Nonetheless, this kind of remark is also an admission of ignorance of what atheism is. Atheists are simply unconvinced by the claims being made that gods exist, let alone that fallible men wrote down and recorded the infallible and everlasting truth of these gods.
There is no faith involved. There is no faith required to not believe that Leprechauns, Unicorns, or the gods of other religions are real (again, I’m not trying to offend by drawing these comparisons).
I am not 100% sure that a god does not exist, but I am equally not 100% sure that Santa Clause or Unicorns do not exist (or that I even exist). It does not mean that I have faith that Santa Clause does not exist, and it most certainly does not mean that I have more faith than someone who believes in something that there is no reliable evidence for (and to which there even is some evidence to the contrary).
Speaking of evidence and proof. Some people think, because you can’t prove or disprove the existence of a god (which I contend with here), then it takes faith to believe either way. The null hypothesis is that there is no god and that a god must be proven to exist before believed in.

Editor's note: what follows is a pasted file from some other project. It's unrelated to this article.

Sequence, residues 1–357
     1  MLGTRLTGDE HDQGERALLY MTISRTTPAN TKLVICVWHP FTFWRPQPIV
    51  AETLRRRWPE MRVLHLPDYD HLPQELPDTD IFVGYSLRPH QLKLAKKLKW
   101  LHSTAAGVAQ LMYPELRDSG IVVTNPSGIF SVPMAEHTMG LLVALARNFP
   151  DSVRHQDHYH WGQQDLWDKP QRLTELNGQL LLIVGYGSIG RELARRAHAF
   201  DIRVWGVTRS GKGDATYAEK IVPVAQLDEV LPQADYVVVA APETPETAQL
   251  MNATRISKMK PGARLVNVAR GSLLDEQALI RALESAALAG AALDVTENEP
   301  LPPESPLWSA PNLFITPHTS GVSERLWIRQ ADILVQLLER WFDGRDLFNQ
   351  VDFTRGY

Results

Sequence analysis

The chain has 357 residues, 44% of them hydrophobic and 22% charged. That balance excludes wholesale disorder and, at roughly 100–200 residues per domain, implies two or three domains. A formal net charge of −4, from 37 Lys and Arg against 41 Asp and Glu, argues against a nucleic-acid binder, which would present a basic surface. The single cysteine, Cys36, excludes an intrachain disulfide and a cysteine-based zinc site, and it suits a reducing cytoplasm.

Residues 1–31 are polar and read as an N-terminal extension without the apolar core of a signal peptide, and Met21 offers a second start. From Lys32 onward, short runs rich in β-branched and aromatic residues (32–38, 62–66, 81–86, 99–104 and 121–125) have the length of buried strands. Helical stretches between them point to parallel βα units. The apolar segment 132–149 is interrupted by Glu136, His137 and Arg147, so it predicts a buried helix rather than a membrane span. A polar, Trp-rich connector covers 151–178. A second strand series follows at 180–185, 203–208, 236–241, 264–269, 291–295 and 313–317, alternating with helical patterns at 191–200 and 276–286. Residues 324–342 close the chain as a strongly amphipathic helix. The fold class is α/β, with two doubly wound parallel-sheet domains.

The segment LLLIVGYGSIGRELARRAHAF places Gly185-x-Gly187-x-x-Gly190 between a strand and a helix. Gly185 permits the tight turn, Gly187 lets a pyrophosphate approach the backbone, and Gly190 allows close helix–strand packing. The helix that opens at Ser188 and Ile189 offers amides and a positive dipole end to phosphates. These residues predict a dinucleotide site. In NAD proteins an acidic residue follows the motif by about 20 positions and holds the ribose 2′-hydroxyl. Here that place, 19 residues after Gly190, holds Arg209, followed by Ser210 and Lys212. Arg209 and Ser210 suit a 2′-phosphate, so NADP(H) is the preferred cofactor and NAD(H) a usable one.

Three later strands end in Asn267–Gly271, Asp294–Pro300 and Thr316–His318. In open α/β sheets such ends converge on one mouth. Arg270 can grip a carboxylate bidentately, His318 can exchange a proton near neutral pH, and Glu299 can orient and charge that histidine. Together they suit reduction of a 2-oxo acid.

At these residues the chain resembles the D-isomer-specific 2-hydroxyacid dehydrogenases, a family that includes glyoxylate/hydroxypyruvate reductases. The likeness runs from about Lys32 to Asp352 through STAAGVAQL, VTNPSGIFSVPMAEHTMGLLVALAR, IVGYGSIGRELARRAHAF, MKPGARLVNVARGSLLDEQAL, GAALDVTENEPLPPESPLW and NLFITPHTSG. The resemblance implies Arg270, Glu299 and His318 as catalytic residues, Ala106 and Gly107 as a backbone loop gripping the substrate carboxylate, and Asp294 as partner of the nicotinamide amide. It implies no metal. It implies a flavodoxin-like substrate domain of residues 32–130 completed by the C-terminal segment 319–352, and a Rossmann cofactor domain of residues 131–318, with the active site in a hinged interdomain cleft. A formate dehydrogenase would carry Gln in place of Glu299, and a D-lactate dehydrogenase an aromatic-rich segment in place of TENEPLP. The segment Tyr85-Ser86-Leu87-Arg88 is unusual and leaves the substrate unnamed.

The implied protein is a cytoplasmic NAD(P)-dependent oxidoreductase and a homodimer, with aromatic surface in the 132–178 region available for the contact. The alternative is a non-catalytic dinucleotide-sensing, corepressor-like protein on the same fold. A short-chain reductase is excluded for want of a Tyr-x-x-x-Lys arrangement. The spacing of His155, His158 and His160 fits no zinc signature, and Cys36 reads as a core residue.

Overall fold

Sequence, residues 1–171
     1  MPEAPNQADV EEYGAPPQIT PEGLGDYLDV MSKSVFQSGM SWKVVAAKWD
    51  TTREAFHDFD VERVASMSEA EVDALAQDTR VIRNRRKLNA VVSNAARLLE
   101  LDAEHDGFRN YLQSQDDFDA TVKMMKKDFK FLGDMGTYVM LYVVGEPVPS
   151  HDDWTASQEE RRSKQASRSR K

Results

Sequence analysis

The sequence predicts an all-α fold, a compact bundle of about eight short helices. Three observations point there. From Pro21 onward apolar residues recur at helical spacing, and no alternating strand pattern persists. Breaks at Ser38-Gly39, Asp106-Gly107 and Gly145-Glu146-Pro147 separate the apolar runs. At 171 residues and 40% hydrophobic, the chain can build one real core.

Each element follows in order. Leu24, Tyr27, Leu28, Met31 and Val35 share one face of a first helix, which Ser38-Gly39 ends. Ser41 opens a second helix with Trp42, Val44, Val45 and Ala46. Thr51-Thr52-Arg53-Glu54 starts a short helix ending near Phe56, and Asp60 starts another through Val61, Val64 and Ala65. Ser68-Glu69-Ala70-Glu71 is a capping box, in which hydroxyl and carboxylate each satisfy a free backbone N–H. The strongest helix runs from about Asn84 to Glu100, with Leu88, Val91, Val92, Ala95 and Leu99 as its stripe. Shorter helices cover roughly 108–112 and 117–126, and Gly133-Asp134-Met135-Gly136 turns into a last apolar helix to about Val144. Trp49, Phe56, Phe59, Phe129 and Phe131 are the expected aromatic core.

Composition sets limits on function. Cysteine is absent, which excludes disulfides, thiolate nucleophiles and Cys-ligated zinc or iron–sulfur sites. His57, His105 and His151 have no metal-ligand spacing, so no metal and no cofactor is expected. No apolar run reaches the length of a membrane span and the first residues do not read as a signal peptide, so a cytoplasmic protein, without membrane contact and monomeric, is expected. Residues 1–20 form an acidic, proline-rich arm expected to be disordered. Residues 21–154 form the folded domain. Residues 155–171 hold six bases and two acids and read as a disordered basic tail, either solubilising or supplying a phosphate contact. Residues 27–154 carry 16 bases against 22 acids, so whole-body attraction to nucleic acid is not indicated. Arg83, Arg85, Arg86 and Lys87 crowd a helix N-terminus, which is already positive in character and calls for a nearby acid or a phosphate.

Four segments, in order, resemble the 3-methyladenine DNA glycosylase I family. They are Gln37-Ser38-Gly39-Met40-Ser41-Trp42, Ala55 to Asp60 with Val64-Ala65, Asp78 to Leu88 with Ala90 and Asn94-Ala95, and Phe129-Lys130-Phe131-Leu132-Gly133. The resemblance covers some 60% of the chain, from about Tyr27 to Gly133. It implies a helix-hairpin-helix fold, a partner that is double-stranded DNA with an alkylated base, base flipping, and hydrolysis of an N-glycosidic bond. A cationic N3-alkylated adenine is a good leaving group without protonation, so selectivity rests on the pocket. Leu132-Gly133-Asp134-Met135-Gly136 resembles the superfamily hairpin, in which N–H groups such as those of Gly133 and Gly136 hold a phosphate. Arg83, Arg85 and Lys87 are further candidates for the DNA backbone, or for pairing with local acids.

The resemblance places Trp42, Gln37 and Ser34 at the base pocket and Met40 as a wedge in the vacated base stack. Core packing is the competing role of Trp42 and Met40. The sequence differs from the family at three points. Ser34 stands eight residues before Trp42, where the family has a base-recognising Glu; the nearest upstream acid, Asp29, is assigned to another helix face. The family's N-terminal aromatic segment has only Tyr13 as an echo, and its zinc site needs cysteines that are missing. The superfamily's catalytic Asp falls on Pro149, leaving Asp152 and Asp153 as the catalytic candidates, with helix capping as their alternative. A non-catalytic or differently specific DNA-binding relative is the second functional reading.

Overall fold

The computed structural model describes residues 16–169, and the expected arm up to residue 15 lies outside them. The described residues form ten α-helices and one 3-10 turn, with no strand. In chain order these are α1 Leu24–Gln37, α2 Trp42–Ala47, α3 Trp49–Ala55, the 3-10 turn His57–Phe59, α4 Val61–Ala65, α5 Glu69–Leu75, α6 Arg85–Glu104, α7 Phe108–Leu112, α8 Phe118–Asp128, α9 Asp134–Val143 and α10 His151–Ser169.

It does not take faith to believe the null hypothesis. That’s how science works. And this is where Alise is spot on when she points out, when atheists are talking about proof for a god’s existence, we are using the scientific method and scientific thinking to come to our conclusions.
We are not talking about the beauty of nature, appeals to emotion or tradition, or personal experiences, which are not evidence or proof of anything, let alone an all-powerful creator of the Universe.